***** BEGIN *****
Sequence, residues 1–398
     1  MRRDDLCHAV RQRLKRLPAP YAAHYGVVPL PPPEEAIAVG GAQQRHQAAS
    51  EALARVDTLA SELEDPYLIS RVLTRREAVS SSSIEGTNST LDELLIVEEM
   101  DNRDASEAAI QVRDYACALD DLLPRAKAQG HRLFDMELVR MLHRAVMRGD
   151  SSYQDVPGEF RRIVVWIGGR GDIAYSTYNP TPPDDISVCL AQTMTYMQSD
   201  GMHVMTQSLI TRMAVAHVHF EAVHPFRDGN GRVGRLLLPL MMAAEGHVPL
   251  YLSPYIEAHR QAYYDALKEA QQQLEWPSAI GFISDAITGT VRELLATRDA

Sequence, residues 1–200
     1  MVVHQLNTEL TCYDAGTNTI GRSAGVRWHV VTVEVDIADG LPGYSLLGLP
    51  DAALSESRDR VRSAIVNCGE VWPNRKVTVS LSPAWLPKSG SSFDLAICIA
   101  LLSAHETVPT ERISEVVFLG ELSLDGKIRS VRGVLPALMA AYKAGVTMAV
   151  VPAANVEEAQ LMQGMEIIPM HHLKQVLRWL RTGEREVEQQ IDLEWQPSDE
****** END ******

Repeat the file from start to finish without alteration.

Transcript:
Sequence, residues 1–398
     1  MRRDDLCHAV RQRLKRLPAP YAAHYGVVPL PPPEEAIAVG GAQQRHQAAS
    51  EALARVDTLA SELEDPYLIS RVLTRREAVS SSSIEGTNST LDELLIVEEM
   101  DNRDASEAAI QVRDYACALD DLLPRAKAQG HRLFDMELVR MLHRAVMRGD
   151  SSYQDVPGEF RRIVVWIGGR GDIAYSTYNP TPPDDISVCL AQTMTYMQSD
   201  GMHVMTQSLI TRMAVAHVHF EAVHPFRDGN GRVGRLLLPL MMAAEGHVPL
   251  YLSPYIEAHR QAYYDALKEA QQQLEWPSAI GFISDAITGT VRELLATRDA

Sequence, residues 1–200
     1  MVVHQLNTEL TCYDAGTNTI GRSAGVRWHV VTVEVDIADG LPGYSLLGLP
    51  DAALSESRDR VRSAIVNCGE VWPNRKVTVS LSPAWLPKSG SSFDLAICIA
   101  LLSAHETVPT ERISEVVFLG ELSLDGKIRS VRGVLPALMA AYKAGVTMAV
   151  VPAANVEEAQ LMQGMEIIPM HHLKQVLRWL RTGEREVEQQ IDLEWQPSDE